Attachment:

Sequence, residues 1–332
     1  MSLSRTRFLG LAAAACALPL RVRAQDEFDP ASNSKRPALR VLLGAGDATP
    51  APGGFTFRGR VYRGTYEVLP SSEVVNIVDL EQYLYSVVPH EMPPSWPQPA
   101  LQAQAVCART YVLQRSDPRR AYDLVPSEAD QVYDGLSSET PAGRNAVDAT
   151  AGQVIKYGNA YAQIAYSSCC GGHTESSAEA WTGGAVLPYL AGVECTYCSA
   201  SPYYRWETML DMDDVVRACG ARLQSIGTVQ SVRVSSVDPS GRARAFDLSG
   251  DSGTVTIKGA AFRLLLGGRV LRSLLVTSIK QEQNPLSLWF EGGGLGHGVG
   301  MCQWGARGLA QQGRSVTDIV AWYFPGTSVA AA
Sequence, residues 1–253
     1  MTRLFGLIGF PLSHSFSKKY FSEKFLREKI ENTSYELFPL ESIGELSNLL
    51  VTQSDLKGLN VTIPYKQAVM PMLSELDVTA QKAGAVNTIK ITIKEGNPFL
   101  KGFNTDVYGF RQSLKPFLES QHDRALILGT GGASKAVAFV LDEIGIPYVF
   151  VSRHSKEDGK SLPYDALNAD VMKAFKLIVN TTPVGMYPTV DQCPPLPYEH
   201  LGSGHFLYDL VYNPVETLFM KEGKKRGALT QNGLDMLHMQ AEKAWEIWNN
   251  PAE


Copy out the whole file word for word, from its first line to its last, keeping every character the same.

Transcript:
Sequence, residues 1–332
     1  MSLSRTRFLG LAAAACALPL RVRAQDEFDP ASNSKRPALR VLLGAGDATP
    51  APGGFTFRGR VYRGTYEVLP SSEVVNIVDL EQYLYSVVPH EMPPSWPQPA
   101  LQAQAVCART YVLQRSDPRR AYDLVPSEAD QVYDGLSSET PAGRNAVDAT
   151  AGQVIKYGNA YAQIAYSSCC GGHTESSAEA WTGGAVLPYL AGVECTYCSA
   201  SPYYRWETML DMDDVVRACG ARLQSIGTVQ SVRVSSVDPS GRARAFDLSG
   251  DSGTVTIKGA AFRLLLGGRV LRSLLVTSIK QEQNPLSLWF EGGGLGHGVG
   301  MCQWGARGLA QQGRSVTDIV AWYFPGTSVA AA
Sequence, residues 1–253
     1  MTRLFGLIGF PLSHSFSKKY FSEKFLREKI ENTSYELFPL ESIGELSNLL
    51  VTQSDLKGLN VTIPYKQAVM PMLSELDVTA QKAGAVNTIK ITIKEGNPFL
   101  KGFNTDVYGF RQSLKPFLES QHDRALILGT GGASKAVAFV LDEIGIPYVF
   151  VSRHSKEDGK SLPYDALNAD VMKAFKLIVN TTPVGMYPTV DQCPPLPYEH
   201  LGSGHFLYDL VYNPVETLFM KEGKKRGALT QNGLDMLHMQ AEKAWEIWNN
   251  PAE